I suspect that one thing that a CIO does not spend a great deal of time thinking about is completely restructuring the IT department. However, perhaps we should. Let’s face it, the way that your IT department was set up was established years ago. You know, back when computers were a precious commodity and there needed to be a special department dedicated to acquiring, installing, and maintaining them. Now that computers have spread throughout the company, perhaps a new approach to IT is called for.
What’s Wrong With The IT Department?
I think that every CIO can agree that no IT department should be an island. Despite our mission, which often talks about driving company wide innovation and digital transformation, CIOs, as heads of these departments, are frequently reduced to running what could be called an island. Take a look at any organization’s structure, and you are very likely to see a rectangular box labeled IT, with its own management hierarchy and budget. However, here’s the sad fact: CIOs are now realizing that having an IT department is exactly what will prevent companies from being innovative, agile, customer-focused and digitally transformed.
Why is this? It turns out that IT departments are for a bygone era and are ill-suited to the demands of our digital-first world. Everyone loves to complain about the IT department – blaming the people in them and their leaders for living in their own worlds, and for being unresponsive to business needs. It turns out that our complaints are misguided. The problem really isn’t with the people or the leaders. Instead, the issue is with the whole idea of IT departments in the first place, which sets up IT to fail. The encouraging news is there are also a small number of CIO pioneers who are in the process of ditching their IT departments. And their examples can offer models for other CIOs looking to do the same.
To understand how we all got here, it might help to remember why IT departments came into being. Originally they were known as the “computer department”. Back then they had a strictly back-office function, making sure the organization’s computers kept running. That made sense when there was there were two worlds: business and technology. Today, while the IT department may have a chic new name, the idea of corralling all staff with knowledge and expertise deemed necessary to manage IT into one organizational unit no longer really makes sense. Leaving all of the company’s IT decisions and activities to a department that is figuratively and sometimes physically far from the so-called core business is simply a recipe for disaster.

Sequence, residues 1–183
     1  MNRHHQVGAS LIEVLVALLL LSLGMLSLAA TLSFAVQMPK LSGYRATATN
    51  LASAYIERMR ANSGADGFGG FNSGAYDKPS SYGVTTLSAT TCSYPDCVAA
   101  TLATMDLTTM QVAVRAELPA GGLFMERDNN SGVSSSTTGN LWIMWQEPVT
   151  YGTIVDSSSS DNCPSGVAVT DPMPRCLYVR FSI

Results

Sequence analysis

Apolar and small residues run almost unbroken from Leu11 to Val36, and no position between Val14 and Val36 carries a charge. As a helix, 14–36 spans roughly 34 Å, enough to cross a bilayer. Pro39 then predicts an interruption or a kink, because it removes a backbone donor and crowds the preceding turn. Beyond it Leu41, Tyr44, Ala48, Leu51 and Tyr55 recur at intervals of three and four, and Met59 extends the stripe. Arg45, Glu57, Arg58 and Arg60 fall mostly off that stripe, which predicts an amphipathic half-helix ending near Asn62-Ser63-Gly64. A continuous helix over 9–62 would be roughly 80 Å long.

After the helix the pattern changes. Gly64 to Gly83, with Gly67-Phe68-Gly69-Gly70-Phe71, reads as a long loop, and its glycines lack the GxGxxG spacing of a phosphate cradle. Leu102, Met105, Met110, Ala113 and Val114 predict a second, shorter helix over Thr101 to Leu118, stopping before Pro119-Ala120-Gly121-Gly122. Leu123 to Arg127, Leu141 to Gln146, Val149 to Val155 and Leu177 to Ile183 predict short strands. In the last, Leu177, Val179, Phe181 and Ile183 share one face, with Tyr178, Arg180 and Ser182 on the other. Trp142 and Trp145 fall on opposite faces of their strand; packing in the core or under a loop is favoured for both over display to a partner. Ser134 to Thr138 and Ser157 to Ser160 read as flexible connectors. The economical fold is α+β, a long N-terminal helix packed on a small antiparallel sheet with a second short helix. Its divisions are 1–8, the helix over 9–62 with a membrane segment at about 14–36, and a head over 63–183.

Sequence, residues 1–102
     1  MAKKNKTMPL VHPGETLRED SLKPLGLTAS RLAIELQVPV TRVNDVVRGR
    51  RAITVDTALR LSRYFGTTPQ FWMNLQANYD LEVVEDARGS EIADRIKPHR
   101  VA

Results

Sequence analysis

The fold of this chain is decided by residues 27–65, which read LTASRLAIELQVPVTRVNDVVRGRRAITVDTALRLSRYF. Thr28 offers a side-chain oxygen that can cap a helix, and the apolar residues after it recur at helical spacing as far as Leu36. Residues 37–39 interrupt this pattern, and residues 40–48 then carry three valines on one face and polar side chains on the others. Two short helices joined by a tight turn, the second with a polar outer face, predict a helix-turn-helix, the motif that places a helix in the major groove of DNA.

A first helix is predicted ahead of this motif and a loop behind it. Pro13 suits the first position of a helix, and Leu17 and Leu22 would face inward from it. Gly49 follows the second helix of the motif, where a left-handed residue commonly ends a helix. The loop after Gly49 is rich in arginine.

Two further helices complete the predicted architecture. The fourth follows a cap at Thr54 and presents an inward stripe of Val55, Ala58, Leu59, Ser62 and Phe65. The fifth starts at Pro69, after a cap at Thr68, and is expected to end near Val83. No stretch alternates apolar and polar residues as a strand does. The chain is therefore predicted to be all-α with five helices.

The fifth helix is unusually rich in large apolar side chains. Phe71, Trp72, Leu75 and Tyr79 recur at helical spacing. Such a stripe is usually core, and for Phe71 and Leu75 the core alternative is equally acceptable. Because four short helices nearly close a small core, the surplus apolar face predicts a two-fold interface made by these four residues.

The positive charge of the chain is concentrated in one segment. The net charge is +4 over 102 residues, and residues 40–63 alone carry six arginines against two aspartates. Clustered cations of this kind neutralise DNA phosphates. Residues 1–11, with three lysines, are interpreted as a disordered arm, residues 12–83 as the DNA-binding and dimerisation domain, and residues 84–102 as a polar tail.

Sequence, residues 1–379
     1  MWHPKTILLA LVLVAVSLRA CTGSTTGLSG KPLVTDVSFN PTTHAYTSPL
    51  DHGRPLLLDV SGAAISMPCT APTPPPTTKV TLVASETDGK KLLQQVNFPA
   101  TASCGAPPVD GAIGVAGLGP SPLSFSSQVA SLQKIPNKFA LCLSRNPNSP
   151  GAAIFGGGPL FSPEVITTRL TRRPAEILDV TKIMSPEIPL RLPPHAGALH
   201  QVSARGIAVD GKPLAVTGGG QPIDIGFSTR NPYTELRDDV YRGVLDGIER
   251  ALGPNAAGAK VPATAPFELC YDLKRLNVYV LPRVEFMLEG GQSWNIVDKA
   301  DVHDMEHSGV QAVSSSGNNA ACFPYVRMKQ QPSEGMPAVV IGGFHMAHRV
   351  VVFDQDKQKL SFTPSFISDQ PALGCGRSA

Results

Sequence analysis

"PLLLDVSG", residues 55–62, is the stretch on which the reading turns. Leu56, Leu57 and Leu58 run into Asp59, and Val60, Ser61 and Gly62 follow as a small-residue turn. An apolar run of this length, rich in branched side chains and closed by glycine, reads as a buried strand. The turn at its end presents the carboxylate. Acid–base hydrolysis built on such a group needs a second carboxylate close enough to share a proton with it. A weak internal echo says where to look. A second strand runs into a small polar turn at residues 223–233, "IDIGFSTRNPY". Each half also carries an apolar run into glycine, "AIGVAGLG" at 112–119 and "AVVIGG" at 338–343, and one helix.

A New Way Of Doing IT
It turns out that there is a better way. Companies can move to get rid of their IT departments and instead make IT part of every business unit. The leadership team needs to work from a design premise to realize value from IT as opposed to one focused on managing IT. While this might seem like a subtle shift, it really represents a profound shift. Of course, if a company has its own data centers, on-site servers and software, they will need specialists to manage all this tech. Back in the day this was the original objective of the IT department. But with the arrival of cloud computing and other technology innovations, having hardware or software physically on the premises is actually no longer necessary.
By setting up a structure that organizes employee groups around missions such as business banking, payments and marketplace, a company is able to embed technology know-how in each of these areas. CIOs can ask themselves a simple question: how do we harness the capability of technology to achieve our particular goals? In doing so, this can free them to use technology in whatever way works best for them. This autonomy/accountability combination gives each employee a strong sense of ownership and motivation. Teams will have the resources they need, and while this can sometimes result in redundancy, it is something a company has to be prepared to accept. With this type of organization nobody has to wait for the IT department to approve their request.